The two of you sent a photo from David’s home in North Carolina last week. You’re 52 and 49 now, but the photo reminds me of a 1974 photo of curly headed four-year-old David holding six-month-old smiling Anthony with tender love. Almost fifty years later, the love remains, although there have been bumps in the road.
Your dad had few requests before his death, but one was that you stand together and treat each other with kindness. Love is scarce in this world and demands tending. Thanks for never giving up.
In the recent photo, David with your thick beard holds the camera for a grinning selfie with your brother. You wear a vest with a green logo for the beautiful disc golf course you created on your North Carolina land. Anthony, you lean toward your older brother and make a peace signal, one cheek flashing a dimple. I pray you two will always hold each other up.
After years of caring for my mother and your dad’s mother, I know the burden of caring for old people. I don’t want to do that to you, but who knows what my body and mind will do in coming years? I only know I’m not in charge.
I try to stay healthy, but Meniere’s Disease, hearing loss, and vertigo are erratic and exhausting and remind me of the truth every day. I’m not in charge.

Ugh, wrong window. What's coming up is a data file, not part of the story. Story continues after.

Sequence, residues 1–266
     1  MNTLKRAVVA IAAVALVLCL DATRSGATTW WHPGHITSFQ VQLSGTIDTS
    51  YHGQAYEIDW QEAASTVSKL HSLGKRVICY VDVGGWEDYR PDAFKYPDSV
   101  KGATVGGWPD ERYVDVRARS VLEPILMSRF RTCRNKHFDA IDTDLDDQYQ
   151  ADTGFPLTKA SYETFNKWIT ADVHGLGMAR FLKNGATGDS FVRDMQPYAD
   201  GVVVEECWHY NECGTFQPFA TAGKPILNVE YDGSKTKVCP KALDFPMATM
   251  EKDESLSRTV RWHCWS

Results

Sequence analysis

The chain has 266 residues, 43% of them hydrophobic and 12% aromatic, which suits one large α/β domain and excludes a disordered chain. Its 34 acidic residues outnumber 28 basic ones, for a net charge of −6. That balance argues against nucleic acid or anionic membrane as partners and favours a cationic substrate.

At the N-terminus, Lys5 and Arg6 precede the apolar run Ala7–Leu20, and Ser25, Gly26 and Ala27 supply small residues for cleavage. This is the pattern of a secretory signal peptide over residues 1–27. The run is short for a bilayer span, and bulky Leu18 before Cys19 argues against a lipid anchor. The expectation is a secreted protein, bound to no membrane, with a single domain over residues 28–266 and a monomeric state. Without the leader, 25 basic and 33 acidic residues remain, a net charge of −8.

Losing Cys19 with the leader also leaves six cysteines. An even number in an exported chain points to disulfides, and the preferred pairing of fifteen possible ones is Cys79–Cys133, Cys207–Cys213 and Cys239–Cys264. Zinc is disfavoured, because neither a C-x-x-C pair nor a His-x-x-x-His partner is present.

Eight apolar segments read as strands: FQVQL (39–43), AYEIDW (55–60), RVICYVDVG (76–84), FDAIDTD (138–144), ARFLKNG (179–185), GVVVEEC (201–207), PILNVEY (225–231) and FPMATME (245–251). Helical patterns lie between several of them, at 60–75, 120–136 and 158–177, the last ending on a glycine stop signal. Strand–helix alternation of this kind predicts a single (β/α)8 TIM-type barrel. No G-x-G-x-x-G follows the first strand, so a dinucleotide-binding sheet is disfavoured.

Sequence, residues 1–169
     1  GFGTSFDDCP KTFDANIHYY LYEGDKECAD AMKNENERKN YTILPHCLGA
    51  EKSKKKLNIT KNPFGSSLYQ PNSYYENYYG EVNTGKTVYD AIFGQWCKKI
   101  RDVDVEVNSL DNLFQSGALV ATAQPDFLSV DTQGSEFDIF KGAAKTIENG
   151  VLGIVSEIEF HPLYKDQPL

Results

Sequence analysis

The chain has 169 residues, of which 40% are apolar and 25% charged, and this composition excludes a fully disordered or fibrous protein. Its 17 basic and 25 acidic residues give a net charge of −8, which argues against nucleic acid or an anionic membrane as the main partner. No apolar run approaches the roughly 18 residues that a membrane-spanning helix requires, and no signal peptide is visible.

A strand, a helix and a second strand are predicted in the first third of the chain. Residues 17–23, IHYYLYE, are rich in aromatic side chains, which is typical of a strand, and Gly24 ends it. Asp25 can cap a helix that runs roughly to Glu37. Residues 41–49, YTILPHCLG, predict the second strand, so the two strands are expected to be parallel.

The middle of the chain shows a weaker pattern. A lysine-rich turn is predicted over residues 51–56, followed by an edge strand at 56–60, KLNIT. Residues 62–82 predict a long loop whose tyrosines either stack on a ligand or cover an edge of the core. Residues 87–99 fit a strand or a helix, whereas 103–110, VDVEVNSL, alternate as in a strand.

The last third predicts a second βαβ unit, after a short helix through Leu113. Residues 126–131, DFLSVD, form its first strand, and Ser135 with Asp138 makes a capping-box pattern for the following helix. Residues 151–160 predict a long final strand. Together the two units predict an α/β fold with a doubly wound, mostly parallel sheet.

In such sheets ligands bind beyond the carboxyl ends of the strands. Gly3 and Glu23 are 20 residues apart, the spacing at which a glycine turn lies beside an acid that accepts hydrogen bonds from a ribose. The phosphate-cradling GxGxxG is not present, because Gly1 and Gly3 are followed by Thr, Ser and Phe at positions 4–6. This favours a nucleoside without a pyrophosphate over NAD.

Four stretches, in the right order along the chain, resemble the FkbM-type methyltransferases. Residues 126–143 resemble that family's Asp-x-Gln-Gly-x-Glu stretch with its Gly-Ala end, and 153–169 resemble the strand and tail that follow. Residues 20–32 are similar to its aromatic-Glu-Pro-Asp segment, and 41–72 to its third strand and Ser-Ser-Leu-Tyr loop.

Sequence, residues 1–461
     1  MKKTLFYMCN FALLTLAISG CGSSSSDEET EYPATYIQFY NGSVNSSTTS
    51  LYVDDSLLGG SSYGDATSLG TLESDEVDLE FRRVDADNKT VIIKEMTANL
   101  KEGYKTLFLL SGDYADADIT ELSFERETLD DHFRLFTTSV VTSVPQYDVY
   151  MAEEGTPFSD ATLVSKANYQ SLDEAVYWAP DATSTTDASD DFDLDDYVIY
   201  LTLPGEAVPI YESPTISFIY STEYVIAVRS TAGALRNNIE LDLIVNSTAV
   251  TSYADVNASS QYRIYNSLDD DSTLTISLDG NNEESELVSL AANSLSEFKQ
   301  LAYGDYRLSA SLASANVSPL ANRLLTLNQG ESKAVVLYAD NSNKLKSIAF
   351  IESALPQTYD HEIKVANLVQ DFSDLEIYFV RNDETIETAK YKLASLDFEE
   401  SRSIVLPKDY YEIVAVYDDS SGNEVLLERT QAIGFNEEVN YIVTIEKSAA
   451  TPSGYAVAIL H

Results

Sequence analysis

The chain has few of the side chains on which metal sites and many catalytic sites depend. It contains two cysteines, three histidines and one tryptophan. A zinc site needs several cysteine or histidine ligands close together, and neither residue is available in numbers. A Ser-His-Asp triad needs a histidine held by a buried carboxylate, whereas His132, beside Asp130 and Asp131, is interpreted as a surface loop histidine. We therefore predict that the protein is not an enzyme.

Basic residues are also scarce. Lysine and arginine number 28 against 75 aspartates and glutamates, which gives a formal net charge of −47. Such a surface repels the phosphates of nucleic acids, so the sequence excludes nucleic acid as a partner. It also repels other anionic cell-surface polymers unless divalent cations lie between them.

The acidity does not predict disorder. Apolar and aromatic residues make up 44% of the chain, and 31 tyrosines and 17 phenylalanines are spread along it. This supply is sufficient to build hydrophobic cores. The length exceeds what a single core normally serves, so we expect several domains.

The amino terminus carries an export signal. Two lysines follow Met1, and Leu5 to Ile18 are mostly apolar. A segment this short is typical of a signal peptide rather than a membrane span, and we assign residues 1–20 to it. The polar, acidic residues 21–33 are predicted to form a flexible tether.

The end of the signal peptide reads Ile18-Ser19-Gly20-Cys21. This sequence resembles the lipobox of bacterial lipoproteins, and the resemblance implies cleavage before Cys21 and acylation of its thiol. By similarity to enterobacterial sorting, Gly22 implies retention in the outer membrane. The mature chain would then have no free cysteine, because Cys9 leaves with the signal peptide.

Like many women, I feel a secret shame in growing old and not looking like the women on the cover of the AARP magazine. I wake up in the morning with a little groan. Oh, this spacy not quite in the body feeling of Meniere’s Disease is still here. I focus on my feet and feel my young dog Disco’s warm body at the foot of my bed. I roll and stretch to ease into the day. Then we go out for a morning walk.
I wish my old dog Willow could come upstairs like she used to, but most mornings I find her sleeping soundly, right where she was when I went to bed. She’s almost 14, another reminder that I’m not in charge.
The truth is the body breaks and keeps breaking. Eventually, I’ll need your help. I wish that weren’t true.
I’ll leave you with a lifetime of blessings born of parents who loved you and loved each other. In the realm of love, I’m still in charge. I remember your dad’s request powered by the knowledge of his coming death: “Love each other.”
I’m grateful as I watch you grant his wish. It’s my wish, too.
Does your family live close together or far apart? I remember going to my grandparents for dinner most Sundays, but that’s not possible for most of us now. How does your family handle the separation of modern life and stay in close communication? My hearing loss makes this an extra challenge for my family and friends, but I won’t give up.
For other posts about life with my sons see Grief Rituals Keep Our Family Love Alive. We were also able to give our sons the gift of spending time with the Dalai Lama when they were just little guys in 1979. I wrote about the Dalai Lama’s visit to our meditation center in When the Dalai Lama Blessed the Children.